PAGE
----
Gabby Douglas is the saddest gold medalist in Rio de Janeiro. At first, it seems difficult to understand why. The 2012 all-around winner arrived at the Rio Games not as an individual favorite (it is, after all, the Year of Biles), but was an integral part of the indomitable, world-destroying, medal-hoovering Team USA. In addition to winning gold in the team competition, she exceeded expectations in the qualifying meet, finishing third, beaten only by her teammates Simone Biles and Aly Raisman.
Douglas should’ve advanced to the all-around finals, but was kept out thanks to an infuriating rule that limits the event to two athletes per country. Her games, though, won’t live on as a reproach of that dastardly rule. Nor will Douglas’ time in Rio enter posterity as a testament to her retention of the vast majority of her abilities for four entire years, aka an eternity in elite gymnastics. Alas, for the returning Olympian and sometime reality star, these games have been marred by attacks on her patriotism and appearance and attitude, and basically everything she’s said and done for the past few weeks. It’s worth asking, as Douglas leaves the Olympic stage for probably the final time, why one of the greatest champions in the history of gymnastics has become such a frequent target of dumb criticism.
The first Gabby-related controversy in Rio came when she failed to place her hand over her heart on the gold-medal podium with her teammates. One early critique, a stunning display of superfluous concern-trolling by the Los Angeles Times’ Bill Plaschke, chided the gymnast for her alleged Un-American Activity. “By all means,” he wrote, “do not use the podium to pout, and it seemed like Gabby Douglas was simply pouting.” Douglas, for her part, apologized.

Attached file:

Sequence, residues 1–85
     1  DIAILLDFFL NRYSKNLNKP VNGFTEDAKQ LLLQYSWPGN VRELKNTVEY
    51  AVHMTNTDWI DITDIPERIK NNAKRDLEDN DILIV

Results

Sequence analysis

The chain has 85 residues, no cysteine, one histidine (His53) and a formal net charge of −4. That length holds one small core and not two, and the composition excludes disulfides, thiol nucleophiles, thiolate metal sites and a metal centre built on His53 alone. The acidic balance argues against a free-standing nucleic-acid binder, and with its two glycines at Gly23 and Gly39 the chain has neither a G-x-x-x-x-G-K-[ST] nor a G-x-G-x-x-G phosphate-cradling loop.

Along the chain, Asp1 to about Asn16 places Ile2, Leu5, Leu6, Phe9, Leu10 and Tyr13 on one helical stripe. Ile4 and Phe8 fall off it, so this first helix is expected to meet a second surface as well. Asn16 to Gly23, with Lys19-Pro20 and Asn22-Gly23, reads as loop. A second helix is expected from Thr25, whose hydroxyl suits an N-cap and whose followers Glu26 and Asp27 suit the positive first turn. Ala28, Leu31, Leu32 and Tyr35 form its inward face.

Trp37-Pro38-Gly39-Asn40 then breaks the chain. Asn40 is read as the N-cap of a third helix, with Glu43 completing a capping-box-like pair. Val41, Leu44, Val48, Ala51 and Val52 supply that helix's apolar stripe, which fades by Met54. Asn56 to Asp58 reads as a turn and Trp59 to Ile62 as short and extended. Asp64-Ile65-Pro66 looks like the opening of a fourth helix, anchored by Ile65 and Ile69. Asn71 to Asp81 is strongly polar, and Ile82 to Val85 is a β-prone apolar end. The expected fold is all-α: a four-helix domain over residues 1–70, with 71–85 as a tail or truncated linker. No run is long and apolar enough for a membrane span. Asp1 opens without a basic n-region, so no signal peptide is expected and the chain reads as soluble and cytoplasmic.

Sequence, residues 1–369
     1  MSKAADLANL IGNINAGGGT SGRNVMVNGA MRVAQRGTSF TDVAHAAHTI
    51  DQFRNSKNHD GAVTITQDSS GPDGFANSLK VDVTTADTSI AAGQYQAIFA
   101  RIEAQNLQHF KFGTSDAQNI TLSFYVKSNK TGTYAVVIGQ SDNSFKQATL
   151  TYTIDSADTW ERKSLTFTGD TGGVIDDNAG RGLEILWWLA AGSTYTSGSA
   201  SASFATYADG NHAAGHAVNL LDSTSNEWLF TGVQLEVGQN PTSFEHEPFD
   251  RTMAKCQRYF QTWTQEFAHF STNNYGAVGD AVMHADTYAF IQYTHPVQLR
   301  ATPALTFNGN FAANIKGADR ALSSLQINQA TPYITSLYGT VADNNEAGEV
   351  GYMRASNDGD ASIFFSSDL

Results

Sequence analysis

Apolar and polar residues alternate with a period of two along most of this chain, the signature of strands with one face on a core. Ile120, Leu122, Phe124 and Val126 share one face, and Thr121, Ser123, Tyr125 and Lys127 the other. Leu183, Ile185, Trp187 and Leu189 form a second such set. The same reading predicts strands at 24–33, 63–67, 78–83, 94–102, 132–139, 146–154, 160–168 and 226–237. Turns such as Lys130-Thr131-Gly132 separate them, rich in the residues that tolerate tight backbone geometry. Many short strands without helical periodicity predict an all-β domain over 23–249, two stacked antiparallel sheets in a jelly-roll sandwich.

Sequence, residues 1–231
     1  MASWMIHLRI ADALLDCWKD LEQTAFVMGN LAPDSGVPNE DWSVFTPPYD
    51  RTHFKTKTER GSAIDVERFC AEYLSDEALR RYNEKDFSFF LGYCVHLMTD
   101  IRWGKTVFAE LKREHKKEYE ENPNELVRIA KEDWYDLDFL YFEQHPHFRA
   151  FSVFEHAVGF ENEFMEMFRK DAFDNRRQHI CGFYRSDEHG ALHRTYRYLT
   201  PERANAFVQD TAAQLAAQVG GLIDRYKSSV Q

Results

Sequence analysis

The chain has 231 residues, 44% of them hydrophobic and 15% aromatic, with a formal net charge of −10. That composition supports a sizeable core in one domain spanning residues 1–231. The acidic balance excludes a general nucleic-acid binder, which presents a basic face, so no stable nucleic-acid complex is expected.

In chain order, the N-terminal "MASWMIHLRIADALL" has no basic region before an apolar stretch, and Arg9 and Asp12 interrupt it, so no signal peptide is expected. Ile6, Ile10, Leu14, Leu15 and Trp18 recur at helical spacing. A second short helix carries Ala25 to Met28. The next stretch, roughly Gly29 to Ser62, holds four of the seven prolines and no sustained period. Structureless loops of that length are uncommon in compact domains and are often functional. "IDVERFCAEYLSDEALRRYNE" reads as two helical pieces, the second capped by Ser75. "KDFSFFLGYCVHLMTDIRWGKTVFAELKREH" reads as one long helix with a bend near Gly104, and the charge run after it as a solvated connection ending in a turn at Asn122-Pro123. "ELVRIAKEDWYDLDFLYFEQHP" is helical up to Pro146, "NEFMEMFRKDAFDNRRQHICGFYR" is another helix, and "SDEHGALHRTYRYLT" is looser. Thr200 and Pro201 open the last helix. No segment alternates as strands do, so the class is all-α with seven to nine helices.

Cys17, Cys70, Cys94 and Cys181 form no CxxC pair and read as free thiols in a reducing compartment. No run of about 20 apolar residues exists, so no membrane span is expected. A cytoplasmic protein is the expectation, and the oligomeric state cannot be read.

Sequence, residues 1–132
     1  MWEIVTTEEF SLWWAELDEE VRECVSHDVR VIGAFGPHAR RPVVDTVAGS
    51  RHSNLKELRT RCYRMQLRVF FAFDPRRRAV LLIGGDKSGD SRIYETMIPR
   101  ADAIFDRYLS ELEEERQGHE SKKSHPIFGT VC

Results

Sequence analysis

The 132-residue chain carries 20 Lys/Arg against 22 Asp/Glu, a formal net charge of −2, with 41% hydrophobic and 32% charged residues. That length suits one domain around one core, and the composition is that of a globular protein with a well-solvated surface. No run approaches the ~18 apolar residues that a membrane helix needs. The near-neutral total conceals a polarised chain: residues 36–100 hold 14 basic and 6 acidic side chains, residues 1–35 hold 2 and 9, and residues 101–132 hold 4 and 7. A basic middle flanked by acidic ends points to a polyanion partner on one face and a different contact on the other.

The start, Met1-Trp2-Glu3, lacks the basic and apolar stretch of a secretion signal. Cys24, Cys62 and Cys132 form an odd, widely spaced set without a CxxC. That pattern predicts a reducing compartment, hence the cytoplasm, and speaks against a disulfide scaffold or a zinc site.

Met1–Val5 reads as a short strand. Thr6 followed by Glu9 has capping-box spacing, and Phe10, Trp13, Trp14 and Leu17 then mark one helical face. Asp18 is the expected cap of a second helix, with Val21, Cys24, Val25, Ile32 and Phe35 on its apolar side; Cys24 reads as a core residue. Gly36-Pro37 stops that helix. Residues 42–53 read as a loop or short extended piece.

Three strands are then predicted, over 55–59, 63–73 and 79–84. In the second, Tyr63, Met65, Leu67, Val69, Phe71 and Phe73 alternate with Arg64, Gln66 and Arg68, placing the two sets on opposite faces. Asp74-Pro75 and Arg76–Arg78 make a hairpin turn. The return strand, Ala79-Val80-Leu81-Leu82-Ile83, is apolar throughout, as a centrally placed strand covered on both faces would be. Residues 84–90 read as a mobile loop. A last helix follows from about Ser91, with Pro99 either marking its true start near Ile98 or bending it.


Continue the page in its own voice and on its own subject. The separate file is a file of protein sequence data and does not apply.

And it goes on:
Next, Douglas was criticized for her supposed failure to cheer for her American teammates while watching from the stands. Screengrabs were taken and widely disseminated. A hashtag, #CrabbyGabby, was born.
Even the most patriotic and smile-dependent among us could see the ire directed at Douglas was outsized. She wasn’t the first Olympian to “disrespect” our national hymn in Rio; that’d be Orioles fan Michael Phelps, responding to a spectator’s (also technically “disrespectful”) shout of “O!” She wasn’t the first Olympic gymnast to “disrespect” the medal stand either; you’ll recall the eternal pout of meme hero McKayla Maroney.